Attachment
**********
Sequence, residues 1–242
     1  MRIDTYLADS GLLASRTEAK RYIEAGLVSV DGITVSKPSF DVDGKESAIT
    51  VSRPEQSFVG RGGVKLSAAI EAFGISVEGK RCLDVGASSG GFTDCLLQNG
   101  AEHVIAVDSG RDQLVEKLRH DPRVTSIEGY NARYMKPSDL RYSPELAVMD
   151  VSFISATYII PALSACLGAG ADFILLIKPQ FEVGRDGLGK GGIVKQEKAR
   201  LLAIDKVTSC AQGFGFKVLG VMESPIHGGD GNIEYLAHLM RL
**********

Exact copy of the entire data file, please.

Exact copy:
Sequence, residues 1–242
     1  MRIDTYLADS GLLASRTEAK RYIEAGLVSV DGITVSKPSF DVDGKESAIT
    51  VSRPEQSFVG RGGVKLSAAI EAFGISVEGK RCLDVGASSG GFTDCLLQNG
   101  AEHVIAVDSG RDQLVEKLRH DPRVTSIEGY NARYMKPSDL RYSPELAVMD
   151  VSFISATYII PALSACLGAG ADFILLIKPQ FEVGRDGLGK GGIVKQEKAR
   201  LLAIDKVTSC AQGFGFKVLG VMESPIHGGD GNIEYLAHLM RL